The Obscurity Zeitgeist: Riot Grrrl 2.0


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The Regrettes’ album cover for “Feel Your Feelings Fool” is evocative of the zine aesthetic surrounding the Riot Grrrl movement.

Story By: John Bruce, Entertainment Editor

Everyone wants to be in on the next big thing. Bands and musicians are born from underground movements and the biggest artists constantly praise their day one followers, but how do people find out about musicians before they hit it big? John Bruce discusses exactly these kinds of bands and solo artists in The Obscurity Zeitgeist, a bi-weekly column shedding light on the people responsible for the next big thing you don’t know about.

It’s a shame the riot grrrl movement went belly up in the mid-’90s because it gave so many women a voice in punk and alternative rock. Some of my spare time is spent scouring Spotify or Bandcamp for rockers with an all-woman roster or with a fiery frontwoman to not much luck.

So last summer, The Regrettes played on Spotify radio and for the next few weeks, they never left my ear.

“I’m not doin’ too bad/Even though sometimes I might get real mad”

The young band has put out two records, one in 2017—the focus of this piece titled “Feel Your Feelings Fool”—and one in 2019 along with two EPs, one officially unreleased in 2015 and another available on Spotify in 2018.

While their second album takes a slightly more poppy pivot, the ‘90s pop influence is not absent from their first release. In fact, their sound can best be defined as if surf rockers travelled through time, picked up a riot grrrl influence along the way and found their way into a contemporary garage band.

To be clear, surf rock isn’t that stuff Mac DeMarco puts out. It’s the style of music used in beach party movies from the 1960s and popularized by Dick Dale and the Del-Tones noted for famed song “Misirlou” which modern audiences might know from the beginning of “Pulp Fiction” or from the Black-Eyed Peas’ hit “Pump It.”

The Regrettes uses the same style of guitar play—stylized by a vibrato arm and a spring reverb—but they then add frontwoman Lydia Night’s staccato slightly grating voice and distortion atop that to create a unique brand of homemade vocal surf made only by Night and her comrades.

Some of Night’s wailing is reminiscent of Bikini Kill’s Kathleen Hanna who originally spurred the original riot grrrl movement and Night has found a way to pay homage and continue the legacy of punk warriors like Hanna, Allison Wolfe, Carrie Brownstein and Kathi Wilcox.

Even the cover of “Feel Your Feelings Fool” looks like a homemade zine which was critically central to the underground spread of punk in the early-’90s Pacific Northwest. Their lyrics only make it more apparent where The Regrettes get their core influence.

“I’m so sorry that I wasn’t your perfect girl”

Many of their songs, if not the majority from this album, center around relationships. They take a feminist perspective by looking at them through the lens of a dissatisfied woman or a woman who crushes hard on someone.

It’s a widely ignored viewpoint in most popular romance stories that sometimes women are unhappy or that they have intense romantic or sexual feelings as well and Night brings those to light.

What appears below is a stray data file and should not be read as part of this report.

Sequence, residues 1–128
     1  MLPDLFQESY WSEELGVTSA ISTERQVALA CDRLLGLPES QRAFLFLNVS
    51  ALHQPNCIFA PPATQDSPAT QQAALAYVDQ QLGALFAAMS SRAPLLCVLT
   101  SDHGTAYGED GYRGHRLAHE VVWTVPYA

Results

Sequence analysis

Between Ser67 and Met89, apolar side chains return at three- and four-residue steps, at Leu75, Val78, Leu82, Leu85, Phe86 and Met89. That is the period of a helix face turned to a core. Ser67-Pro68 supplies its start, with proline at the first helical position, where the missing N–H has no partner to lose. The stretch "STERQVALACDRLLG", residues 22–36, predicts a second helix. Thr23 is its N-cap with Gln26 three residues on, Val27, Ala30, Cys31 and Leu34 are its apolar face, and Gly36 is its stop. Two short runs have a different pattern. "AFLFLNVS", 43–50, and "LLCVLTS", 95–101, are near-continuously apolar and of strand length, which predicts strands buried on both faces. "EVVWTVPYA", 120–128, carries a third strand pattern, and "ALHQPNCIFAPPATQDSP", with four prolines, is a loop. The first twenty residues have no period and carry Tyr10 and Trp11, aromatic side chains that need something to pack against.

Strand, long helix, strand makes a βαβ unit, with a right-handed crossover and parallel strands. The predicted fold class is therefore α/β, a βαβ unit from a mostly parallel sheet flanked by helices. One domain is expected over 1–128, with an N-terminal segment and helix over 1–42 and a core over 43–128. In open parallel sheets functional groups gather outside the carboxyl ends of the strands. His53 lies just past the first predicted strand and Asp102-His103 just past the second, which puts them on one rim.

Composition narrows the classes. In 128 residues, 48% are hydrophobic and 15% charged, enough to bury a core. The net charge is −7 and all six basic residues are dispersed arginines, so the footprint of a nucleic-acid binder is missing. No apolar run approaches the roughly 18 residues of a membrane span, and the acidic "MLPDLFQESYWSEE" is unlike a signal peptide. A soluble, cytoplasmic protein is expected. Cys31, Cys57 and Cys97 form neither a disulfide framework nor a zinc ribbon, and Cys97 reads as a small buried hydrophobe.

Songs in this vein include “I Don’t Like You,” where a man keeps coming on to the narrator much to her dismay, “Juicebox Baby,” where the narrator feels frustrated or angry at herself for falling in love because it makes her feel infantilized, and “Head in the Clouds,” where the narrator pleads with an arrogant love interest to tear down the bravado and be real.

That song is where we get the titular lyric “‘Just feel your feelings fool!’”

The other side of the album features seemingly autobiographical vignettes of life as a woman in the United States.

Again, like the riot grrrls before them, The Regrettes show a plain, baroque and sometimes vulgar image of femininity.

Songs in this vein include “Ladylike/WHATTA BITCH,” which discusses the gender roles women are expected to play and the backlash if they don’t play along, “A Living Human Girl,” which portrays a realistic depiction of puberty and body hygiene for a girl, and “Picture Perfect,” which tells the story of a popular girl in school who catches the eye of all the students and the rumors that surround her.

Through the lyrics, content and delivery, The Regrettes have solidified themselves as a continuation of the riot grrrl aesthetic into the second decade of the 21st century.

“I know he might seem really cool/But I told her, “Just feel your feelings fool!”

Punk—and rock in general—is not as popular as it used to be, yet bands keep making comebacks expecting raucous applause.

Two pop-punk bands (Green Day and Fall Out Boy) are touring with a former garage rock band (Weezer) this year. Pop-punk icon My Chemical Romance also announced a reunion this year. Bikini Kill released an album in 2015 after disbanding 19 years previous. The Distillers, another riot grrrl band, released new music in 2018 after disbanding in the mid-2000s.

Still, young bands in the genre (like The Regrettes) are still fighting for a spot at the table after consistently producing high-quality unique music in the genre. It would not be surprising if they helped some other alternative women in the same class of performance and lyrics come to prominence as well.

So, I look forward to the resurgence of riot grrrl as a sort of Riot Grrrl Version 2.0 and quite simply, “Feel Your Feelings Fool” is the best album you’re not listening to.

As is the nature of the column, John is always looking for new bands and musicians to write about. Please send in recommendations for artists to be included in this column to [email protected]